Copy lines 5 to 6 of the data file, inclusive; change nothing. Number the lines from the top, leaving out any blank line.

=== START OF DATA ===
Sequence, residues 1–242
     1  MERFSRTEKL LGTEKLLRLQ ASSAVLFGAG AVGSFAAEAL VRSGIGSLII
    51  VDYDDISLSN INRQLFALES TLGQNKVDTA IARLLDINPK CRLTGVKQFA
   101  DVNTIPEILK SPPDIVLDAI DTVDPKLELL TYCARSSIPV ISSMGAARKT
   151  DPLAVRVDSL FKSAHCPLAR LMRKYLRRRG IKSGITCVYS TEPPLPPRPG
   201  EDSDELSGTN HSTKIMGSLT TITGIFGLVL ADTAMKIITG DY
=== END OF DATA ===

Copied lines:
   151  DPLAVRVDSL FKSAHCPLAR LMRKYLRRRG IKSGITCVYS TEPPLPPRPG
   201  EDSDELSGTN HSTKIMGSLT TITGIFGLVL ADTAMKIITG DY